Dream destinations: Bali and the Maldives loosen COVID-19 entry restrictions
Two popular tourist destinations in the Indian Ocean are following the trend of removing pandemic-related requirements to make it easier for visitors to travel there.
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On March 5, the Maldives dropped its requirement to present a negative PCR test on arrival. Now visitors to the island nation, which is popular with honeymooners and known for its overwater bungalows, can present a declaration of health 48 hours prior to departure and they will be issued a free 30-day tourist visa on arrival.
Bali, an island located east of the Maldives in Indonesia, announced it was dropping its quarantine requirement for visitors from 23 countries, including the U.S., on March 7. You must still be vaccinated and take a COVID-19 test before arrival, but you no longer have to quarantine for three to five days after arriving.
Rules for entering the Maldives
Last year, some islands in the Maldives archipelago were placed on lockdown when coronavirus cases rose in early spring. Visitors, including Americans, had to present a negative result from a COVID-19 PCR test taken within 96 hours of their departure. This is no longer required with the new rules.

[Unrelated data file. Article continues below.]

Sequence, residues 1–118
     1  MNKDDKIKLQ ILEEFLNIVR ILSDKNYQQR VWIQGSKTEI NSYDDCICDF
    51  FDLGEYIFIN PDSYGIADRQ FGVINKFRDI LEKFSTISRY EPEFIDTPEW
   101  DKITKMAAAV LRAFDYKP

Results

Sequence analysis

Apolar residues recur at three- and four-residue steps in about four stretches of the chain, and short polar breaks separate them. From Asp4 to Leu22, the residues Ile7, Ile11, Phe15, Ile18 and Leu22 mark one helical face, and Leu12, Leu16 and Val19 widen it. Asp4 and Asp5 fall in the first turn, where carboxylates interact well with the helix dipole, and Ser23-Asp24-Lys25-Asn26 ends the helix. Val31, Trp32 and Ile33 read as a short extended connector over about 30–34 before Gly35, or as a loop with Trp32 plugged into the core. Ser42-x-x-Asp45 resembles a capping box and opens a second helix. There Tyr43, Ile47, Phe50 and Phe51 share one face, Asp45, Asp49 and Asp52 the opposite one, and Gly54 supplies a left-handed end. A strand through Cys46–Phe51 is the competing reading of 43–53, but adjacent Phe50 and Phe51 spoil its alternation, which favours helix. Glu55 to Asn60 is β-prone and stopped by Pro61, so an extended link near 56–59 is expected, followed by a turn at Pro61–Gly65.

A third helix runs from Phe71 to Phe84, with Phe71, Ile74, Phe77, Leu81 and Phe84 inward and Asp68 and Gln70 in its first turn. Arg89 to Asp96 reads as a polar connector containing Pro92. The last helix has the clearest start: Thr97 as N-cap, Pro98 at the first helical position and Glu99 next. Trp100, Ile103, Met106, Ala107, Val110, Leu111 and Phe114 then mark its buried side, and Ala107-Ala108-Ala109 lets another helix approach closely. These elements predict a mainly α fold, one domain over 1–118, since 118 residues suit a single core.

Related: Maldives reopening
The Maldives is currently under a "Level 4: Very High Level of COVID-19" advisory from the CDC, but so are more than half of the world's countries. For news on resorts and tourist facilities that are open on the islands, check here for updates.
Related: CDC adds more countries to its 'Do Not Travel' list
You can get to the Maldives on Emirates by connecting through Dubai, and Etihad has resumed flights from Abu Dhabi, United Arab Emirates. Turkish Airlines also offers service to the Maldives.
Entry requirements for Bali
Now that Bali is no longer requiring quarantine at your own expense, visitors are more likely to make plans to visit this destination. Indonesia has been opening gradually, but had a number of false starts. It first reopened on Oct. 14, 2021, but visitors from the U.S. were not allowed. They finally opened their doors to U.S. residents on Feb. 4.
Related: Bali, the Island of the Gods, sees flights with international mortals finally arriving after a 2-year hiatus
Indonesia is currently under the "Level 3: COVID-19 High" warning from the CDC. Travelers must be fully vaccinated and show negative results from a COVID-19 PCR test taken within 48 hours of departure.
Previously, tourists had been required to quarantine for five days (three days if boosted) at a certified hotel at their own expense. That restriction has now been lifted. Visitors must still fill out a short-visit visa and show proof of international health insurance with minimum coverage of $25,000 including, but not limited to, COVID-19-related treatment and hospitalization in Indonesia.
The lowered requirements for entering both Bali and the Maldives will make them easier to access for travelers, though testing requirements are still in place for Bali. However, if one of these long-haul destinations is on your bucket list or if you're planning a wedding now that the pandemic has eased, these are two great honeymoon destinations. Also, rules may loosen even more by the time you get there if the trend continues. For the most up-to-date rules on traveling, see our country-by-country guide.